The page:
Flagg said that while he can understand Goughan’s concerns, “the overall result of these recovery homes is that they make a positive impact in the community.”

The mayor said he “has no question” about the potential positive impact of a recovery house in the community, but said he still has concerns about public perception.

“Are people in the neighborhood going to hear about this for the first time when they read in the Aroostook Republican that a recovery home is going in their neighborhood?” he asked Flagg. “Or could they receive a pamphlet with all the information you just gave us? That way it’s not a surprise. This was what I was hoping your team had done prior to asking us for the letter.”

Flagg cited releases in the newspaper following their initial presentation in July, adding that he has seen no negative feedback to this news, either in the form of Facebook comments or letters to the editor.

As far as addressing public concerns, Flagg said Recovery Aroostook is planning to hold a town hall meeting on Wednesday at the Caribou Performing Arts Center. In addition to featuring presentations from medical professionals and community members in recovery, Flagg said Aroostook County Sheriff Shawn Gillen is slated to speak about sober houses and why he feels they are important from a law enforcement perspective.

Recovery Aroostook will hold an overdose awareness vigil at 9 p.m. Thursday at 66 Sweden St. in which they will honor lives lost to overdoses and place luminary bags as part of a mass memorial.

“To me,” Goughan said, “it’s just about knocking on some doors around the neighborhood and saying ‘Here’s a pamphlet and here’s what we’re doing.’ It’s real simple. You made an excellent presentation and, from my point of view, narrowing it down to a single piece of paper and passing it out to people in the neighborhood would seem wise. Why ruffle a neighborhood in tranquil peace right now?”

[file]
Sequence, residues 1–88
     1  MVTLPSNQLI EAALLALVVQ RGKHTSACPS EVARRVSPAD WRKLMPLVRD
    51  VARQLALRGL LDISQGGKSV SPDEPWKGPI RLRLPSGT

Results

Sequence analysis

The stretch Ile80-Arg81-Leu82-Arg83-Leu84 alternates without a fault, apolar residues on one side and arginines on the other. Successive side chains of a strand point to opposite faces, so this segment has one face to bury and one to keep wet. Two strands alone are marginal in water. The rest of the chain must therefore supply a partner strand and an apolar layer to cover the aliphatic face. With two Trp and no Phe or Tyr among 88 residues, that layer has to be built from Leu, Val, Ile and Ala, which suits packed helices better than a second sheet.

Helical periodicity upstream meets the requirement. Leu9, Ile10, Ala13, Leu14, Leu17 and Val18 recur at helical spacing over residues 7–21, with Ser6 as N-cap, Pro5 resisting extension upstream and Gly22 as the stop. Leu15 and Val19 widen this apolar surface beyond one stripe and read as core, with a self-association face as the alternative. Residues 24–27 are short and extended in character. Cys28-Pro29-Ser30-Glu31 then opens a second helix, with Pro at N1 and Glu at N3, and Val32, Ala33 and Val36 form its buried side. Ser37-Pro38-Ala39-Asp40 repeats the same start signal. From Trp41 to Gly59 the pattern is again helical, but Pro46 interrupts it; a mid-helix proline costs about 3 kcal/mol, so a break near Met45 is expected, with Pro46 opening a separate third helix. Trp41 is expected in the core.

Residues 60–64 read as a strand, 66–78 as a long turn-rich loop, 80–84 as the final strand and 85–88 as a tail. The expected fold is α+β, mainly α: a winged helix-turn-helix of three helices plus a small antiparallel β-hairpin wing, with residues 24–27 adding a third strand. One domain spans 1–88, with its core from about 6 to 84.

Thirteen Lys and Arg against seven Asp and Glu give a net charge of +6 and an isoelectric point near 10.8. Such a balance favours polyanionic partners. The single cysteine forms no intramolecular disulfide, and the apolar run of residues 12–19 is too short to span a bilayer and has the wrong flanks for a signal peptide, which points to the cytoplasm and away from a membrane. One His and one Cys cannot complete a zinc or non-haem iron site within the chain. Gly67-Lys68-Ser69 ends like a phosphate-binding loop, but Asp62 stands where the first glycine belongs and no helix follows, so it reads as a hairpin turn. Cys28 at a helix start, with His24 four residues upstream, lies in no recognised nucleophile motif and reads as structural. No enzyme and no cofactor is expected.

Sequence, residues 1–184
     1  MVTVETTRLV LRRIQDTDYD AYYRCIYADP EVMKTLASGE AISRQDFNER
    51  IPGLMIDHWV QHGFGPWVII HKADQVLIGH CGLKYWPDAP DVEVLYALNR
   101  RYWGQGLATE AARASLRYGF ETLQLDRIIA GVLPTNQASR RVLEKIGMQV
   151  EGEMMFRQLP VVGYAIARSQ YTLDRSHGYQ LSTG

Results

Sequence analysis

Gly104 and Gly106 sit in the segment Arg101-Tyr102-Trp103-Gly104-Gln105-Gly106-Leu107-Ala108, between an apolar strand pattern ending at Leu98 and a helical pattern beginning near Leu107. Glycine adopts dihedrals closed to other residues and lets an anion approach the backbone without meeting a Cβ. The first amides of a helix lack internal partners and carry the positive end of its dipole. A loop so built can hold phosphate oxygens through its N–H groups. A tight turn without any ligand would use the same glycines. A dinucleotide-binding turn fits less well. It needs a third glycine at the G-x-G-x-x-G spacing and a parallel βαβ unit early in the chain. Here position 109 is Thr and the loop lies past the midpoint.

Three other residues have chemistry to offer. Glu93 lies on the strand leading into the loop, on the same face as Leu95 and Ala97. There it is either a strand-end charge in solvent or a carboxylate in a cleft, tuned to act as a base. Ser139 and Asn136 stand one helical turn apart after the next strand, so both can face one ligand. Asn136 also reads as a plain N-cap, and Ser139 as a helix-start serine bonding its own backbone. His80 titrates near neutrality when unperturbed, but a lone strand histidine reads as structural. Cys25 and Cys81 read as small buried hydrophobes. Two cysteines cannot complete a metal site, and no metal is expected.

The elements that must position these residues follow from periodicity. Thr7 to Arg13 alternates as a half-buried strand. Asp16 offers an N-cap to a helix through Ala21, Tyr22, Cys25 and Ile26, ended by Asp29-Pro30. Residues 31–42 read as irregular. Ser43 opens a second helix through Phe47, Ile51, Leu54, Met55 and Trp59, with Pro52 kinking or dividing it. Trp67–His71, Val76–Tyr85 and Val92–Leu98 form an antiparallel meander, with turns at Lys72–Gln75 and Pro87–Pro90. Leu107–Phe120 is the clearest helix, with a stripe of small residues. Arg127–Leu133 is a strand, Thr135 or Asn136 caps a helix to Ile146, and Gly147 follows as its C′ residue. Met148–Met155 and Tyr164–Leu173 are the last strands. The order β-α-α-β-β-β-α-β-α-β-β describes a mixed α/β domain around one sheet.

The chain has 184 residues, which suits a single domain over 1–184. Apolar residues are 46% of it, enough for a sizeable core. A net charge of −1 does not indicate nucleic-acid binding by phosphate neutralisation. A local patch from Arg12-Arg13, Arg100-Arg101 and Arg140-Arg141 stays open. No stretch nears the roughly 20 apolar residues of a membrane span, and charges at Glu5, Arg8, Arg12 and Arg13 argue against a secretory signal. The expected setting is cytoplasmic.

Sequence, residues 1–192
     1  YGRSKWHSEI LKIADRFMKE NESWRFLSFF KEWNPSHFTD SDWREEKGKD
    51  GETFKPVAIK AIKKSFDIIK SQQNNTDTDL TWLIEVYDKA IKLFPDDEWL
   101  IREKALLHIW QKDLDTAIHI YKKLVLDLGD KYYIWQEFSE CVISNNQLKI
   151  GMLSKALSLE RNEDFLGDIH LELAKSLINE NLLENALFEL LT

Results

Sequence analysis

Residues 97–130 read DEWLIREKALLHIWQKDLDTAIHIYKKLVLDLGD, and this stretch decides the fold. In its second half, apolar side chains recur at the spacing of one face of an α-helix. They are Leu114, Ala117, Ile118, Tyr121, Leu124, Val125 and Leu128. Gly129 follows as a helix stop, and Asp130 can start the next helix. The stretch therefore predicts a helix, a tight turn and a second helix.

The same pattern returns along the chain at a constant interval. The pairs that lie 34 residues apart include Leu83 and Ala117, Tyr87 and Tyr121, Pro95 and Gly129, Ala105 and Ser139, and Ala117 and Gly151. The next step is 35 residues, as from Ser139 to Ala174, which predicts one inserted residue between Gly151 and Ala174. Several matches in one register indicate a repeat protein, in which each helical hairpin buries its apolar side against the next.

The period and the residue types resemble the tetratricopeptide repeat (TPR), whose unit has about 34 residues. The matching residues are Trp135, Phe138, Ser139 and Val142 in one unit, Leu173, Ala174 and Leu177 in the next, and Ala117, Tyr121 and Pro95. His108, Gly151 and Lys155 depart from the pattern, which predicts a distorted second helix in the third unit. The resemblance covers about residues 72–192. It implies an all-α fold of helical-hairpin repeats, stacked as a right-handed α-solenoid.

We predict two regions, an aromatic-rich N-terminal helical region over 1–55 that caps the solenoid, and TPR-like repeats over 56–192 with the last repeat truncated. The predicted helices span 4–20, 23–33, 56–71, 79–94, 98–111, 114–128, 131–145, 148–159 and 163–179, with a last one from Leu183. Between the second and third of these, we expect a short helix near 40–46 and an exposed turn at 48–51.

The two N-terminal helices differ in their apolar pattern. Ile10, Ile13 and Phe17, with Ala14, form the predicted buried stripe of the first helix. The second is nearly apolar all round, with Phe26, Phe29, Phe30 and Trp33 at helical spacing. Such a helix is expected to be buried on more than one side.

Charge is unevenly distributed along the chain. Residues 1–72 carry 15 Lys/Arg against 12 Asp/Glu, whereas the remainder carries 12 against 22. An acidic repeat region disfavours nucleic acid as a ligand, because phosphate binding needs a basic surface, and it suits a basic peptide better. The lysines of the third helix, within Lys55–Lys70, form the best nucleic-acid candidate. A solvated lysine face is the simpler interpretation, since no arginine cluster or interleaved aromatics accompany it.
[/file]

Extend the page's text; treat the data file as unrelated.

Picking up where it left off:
Marker said that the council’s letter of support, while it may help Recovery Aroostook secure funding for the home, is not part of the city’s regular permitting process.

“We’re moving forward with this regardless,” Marker said, “and will not hold them up as far as occupancy permits are concerned.”

Councilor Joan Theriault asked Caribou police Chief Michael Gahagan if he saw any issues with the sober house on Bennett Drive, which opened in late 2017.

“We had no issues,” the chief said. “As a matter of fact, I was fully in support of it. Houlton just had one presented to their council and I sent them a letter of support. For law enforcement, we are totally behind recovery.”

Councilor Thomas Ayer also offered his support for the project.

“This is pretty near and dear to my heart,” Ayer said. “I’ve seen a lot of friends go through [addiction] and it’s not pretty. This needs to happen. And I don’t disagree with you Mark. Go around and let people know what’s coming. It’s not going to be a party house. These people are on the road to recovery, and it’s a long road that never stops. You could be 90 years old and the temptation is still there.”

Goughan then asked Marker to place council’s approval of the letter on the agenda for the next regularly scheduled City Council meeting, which is slated for 6 p.m. Sept. 9.

This story was originally published in The County.